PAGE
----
God’s Sovereignty and Mere Orthodoxy

I appreciate the thoughtfulness of everyone’s comments, as well as the civility with which they have been presented. I have a handful of comments, first for Andrew and Mark, and second for Philip.

Andrew and Mark: In my experience working, for a time, among the leading intellectual lights of the (Catholic) religious right, I learned that there are indeed many Americans who deny that we (in Mark’s words) “legitimately govern ourselves.” This doesn’t mean that they deny the legitimacy of American democracy as a form of government; it means, rather, that they emphatically believe that American democracy stands under divine judgment. In that sense, then, we don’t really “govern ourselves” at all; we are a Christian nation “under God,” and it is He who rules.

But to repeat a point I tried to make in my initial response to Mark’s essay on political theology, the religious right’s emphasis on God’s ultimate sovereignty does not mean that the religious right (aside from a few nuts on the extreme fringe) aims to install a different “system of government” (Mark) or intends to attack the Constitution “frontally” (Andrew). On the contrary, the religious right believes that such radical actions are thoroughly unnecessary because the Constitution is already on their side — and that it is secular liberals who have had to engage in violent and ahistorical misreadings of constitutional law in order to make their interpretation of our founding documents sound even remotely plausible.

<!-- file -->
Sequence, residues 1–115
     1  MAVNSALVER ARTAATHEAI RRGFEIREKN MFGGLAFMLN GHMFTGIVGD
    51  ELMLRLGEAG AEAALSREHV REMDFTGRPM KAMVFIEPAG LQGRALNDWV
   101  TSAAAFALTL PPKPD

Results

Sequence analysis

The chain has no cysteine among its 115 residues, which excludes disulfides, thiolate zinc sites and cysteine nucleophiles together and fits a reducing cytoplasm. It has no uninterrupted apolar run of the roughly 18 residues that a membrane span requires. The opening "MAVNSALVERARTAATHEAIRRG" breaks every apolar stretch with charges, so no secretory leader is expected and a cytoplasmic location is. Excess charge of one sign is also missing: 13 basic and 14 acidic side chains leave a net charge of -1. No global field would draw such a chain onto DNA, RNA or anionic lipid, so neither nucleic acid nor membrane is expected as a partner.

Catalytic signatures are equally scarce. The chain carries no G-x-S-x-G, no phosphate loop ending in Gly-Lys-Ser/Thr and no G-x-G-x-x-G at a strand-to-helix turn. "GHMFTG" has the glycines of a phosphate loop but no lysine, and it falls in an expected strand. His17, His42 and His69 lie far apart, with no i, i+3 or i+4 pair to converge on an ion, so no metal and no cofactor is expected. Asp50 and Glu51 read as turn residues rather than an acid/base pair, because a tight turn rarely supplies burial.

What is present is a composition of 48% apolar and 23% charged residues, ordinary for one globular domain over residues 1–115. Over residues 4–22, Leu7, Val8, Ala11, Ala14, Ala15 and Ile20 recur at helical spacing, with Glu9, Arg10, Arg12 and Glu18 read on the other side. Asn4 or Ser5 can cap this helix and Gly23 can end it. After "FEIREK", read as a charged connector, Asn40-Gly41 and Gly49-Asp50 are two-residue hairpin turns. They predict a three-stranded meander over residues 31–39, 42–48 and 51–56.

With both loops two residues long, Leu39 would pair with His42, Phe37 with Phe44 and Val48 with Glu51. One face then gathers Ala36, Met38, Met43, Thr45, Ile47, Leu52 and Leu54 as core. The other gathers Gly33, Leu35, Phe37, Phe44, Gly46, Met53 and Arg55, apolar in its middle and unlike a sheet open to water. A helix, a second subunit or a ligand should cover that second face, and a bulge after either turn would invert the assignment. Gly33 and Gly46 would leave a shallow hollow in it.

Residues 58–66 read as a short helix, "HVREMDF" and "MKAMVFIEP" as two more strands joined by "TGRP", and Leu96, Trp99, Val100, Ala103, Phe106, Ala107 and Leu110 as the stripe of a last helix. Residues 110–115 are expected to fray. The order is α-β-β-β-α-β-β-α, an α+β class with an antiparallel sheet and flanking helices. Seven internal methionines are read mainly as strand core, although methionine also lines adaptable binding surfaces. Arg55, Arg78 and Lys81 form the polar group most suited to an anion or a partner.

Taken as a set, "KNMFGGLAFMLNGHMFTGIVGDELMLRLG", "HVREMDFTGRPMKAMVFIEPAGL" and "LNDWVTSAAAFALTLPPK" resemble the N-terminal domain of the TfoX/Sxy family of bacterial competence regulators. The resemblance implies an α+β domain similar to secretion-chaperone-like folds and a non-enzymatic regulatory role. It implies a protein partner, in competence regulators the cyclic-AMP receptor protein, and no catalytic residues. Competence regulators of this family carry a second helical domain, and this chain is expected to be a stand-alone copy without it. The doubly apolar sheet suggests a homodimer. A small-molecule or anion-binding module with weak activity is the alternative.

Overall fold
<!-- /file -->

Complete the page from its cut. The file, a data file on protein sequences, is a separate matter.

Do I worry that this theological way of understanding the Constitution will prevail — meaning that a substantial majority of Americans will come to accept its truth and then seek to rule politically in its name? Not really. What worries me far more is the fact that a significant number of Americans accept it at all, because that means that a significant number of Americans live, as it were, in another America from the rest of us. (This is where I think we should all take heed of Mark’s concern about the civic consequences of the home schooling movement.) The culture war, as I previously noted, is fundamentally about America’s theological identity. As long as the American people are divided about the theological (or rather, non-theological) character of the country, its history, and its political institutions, the culture war will go on, and perhaps deepen.

Philip: There is, I think, something unique — and uniquely threatening (politically speaking) — about the theoconservative approach to religion. For most of our history, American Christianity has been riven by discord — not enough, for the most part, to spark outright theological conflict among groups, but enough to keep a large number of groups from working together in concert to achieve common political ends. There are exceptions, of course, the foremost being Prohibition. But in most other cases (e.g., abolitionism, civil rights), one denomination, or small numbers of like-minded believers in several denominations, engaged in protest that eventually made a political difference, but only once large numbers of people who were not especially motivated by religious conviction added their support to the cause. Conversely, when large numbers of Christian groups have come together to work for common goals (as the Protestant “Mainline” did in the middle decades of the twentieth century), they have tended to downplay their theological motivations, precisely because of the difficulty of finding theological consensus among believers from different denominations. All of this has been very good for American politics, contributing significantly to our nation’s stability over the past 231 years.